1. Crises activate our right-brain thinking. One important reason a crisis may foster critical insight into our life’s direction is that it frees us from our bondage to the left-brain thinking that normally dominates our outlook. Left-brain activity is essential for most of the routines and functions of daily life. But far-reaching visionary inspirations always evolve from our brain’s right hemisphere. Since our left- and right-brain functions are exclusive to an important extent, the erukea-I’ve-found-it insights rarely emerge when we’re preoccupied with routine responsibilities.

This is why those pace-setting epiphanies about our life’s mission usually occur when we’re on vacation, on retreat, in the shower or doing something mindless and relaxing. These are activities that free our right brain to function more fully and creatively. A crisis, ironically, may bring the same benefit, for it forces a break with our normal routine and compels us to set left-brain activities aside. Human potential writer Gene N. Landrum goes as far as to call crisis "the mother of creativity."**

This isn’t to say that we should seek a crisis or that we have to have one to precipitate a life-changing vision for our future. There are much more pleasant ways to encourage such epiphanies, to say the least; a vacation at the beach or a personal retreat in the mountains may accomplish the purpose just as effectively. But it is simply to say that the crises we inevitably experience can be the setting for breakthrough visions about our life as well. This is true, in part, because of how God has fashioned our intellect and creative process.

2. Crises knock out the props that keep us too grounded in our present security and unwilling to risk. Realizing our potential, and finding God’s best for our life in any area, always requires steps that from our human standpoint seem like risks. The willingness to risk, and to risk big, is absolutely essential if we’re to experience life as God intends it and open ourselves fully to his provision.

This openness to risk is often strong when we’re young and imagine that we have an endless future to redeem any mistakes. As we grow older, we typically grow too risk-adverse. We may still long for greater adventure, a stronger sense of mission and work that more clearly taps our potential. Yet we’ve hit a stride in life that’s comfortable, and we fear risking what we’ve gained for the sake of an uncertain future.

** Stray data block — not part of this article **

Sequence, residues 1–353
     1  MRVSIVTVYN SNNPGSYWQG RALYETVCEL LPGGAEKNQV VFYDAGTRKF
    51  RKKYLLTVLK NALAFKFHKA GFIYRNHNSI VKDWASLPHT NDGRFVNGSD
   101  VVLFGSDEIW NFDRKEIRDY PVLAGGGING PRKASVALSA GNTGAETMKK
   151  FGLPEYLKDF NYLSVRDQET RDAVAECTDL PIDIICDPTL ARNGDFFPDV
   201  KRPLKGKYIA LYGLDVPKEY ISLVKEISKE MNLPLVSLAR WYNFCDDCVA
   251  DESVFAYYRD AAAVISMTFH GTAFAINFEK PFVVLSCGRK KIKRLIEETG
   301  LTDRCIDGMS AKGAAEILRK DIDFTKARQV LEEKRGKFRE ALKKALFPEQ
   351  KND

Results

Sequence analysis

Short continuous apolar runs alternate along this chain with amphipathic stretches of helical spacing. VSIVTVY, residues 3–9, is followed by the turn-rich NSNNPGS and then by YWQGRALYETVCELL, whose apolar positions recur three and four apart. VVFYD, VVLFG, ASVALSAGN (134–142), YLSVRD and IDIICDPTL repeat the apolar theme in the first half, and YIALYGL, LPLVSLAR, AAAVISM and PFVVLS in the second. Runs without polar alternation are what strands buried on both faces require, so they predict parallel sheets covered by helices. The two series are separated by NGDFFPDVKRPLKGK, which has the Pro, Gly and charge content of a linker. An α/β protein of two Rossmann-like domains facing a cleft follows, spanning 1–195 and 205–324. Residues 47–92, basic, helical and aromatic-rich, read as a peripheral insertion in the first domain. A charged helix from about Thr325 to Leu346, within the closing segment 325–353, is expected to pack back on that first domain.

Sometimes a crisis knocks out a prop directly that is standing in the way of God’s best for us. A woman wants to go into business for herself and has the talent to do so, but sticks with a job that has her working far beneath her potential. Then the company for whom she works goes bankrupt. Now, unemployed, she realizes she has much less to lose by starting her own venture and takes the plunge.

In other cases a crisis knocks out a prop indirectly and symbolically. During this past week, as the networks have aired the unthinkable footage of the Twin Towers collapsing repeatedly in an almost endless video loop, who among us hasn’t reflected often on how the possessions in which we personally take security are temporary and can vanish in a second? That insight in itself is redemptive, and can free us to risk losing what we have for the sake of God’s greater purpose for our life. In that spirit we may be able to recognize more clearly a new direction he wants us to take.

3. Crises deepen our appreciation for the gift of life itself, and strengthen our sense of urgency to seize the opportunities we have. In the same way, a crisis reminds us that life itself is an unspeakable gift of God; the opportunities we have are not endless, and choices do not present themselves forever. We’re awe-struck that God has given us the privilege of life, and more determined now to make something of it. It was this realization, springing from his close brush with death in the plane crash, that convinced Michener to begin writing, a decision that changed the course of his life--and literary history--forever.

4. Crises draw us closer to God and open us more genuinely to his direction. The greatest potential benefit of a crisis, far and away, is that it can strengthen our relationship with Christ. We’re driven in our brokenness to seek his comfort, and in our helplessness to seek his help and direction.

Of course, a crisis may do just the opposite: it may ignite our anger at God for tearing from our life something we treasured. This reaction is normal and human, and can be a necessary part of the grieving process through which we recover and heal. When David and a team of helpers were returning the ark to Israel from Philistine, God slew two of David’s assistants who touched the ark inappropriately. David’s immediate response was anger at God and fear (1 Chron 13:9-11).

Yet in time the experience humbled David and deepened his relationship with God. That outcome is the ideal for each of us--and the sooner we can reach that point the better. In many cases a crisis thrusts us there immediately. This clearly has been the case for many of us who’ve been stunned by the tragedies of September 11. We’ve felt compelled to pray for those who are suffering and to seek God’s encouragement for ourselves. And we’ve recognized more fully than ever how desperately we need God’s help in a life that now seems far less stable than we imagined.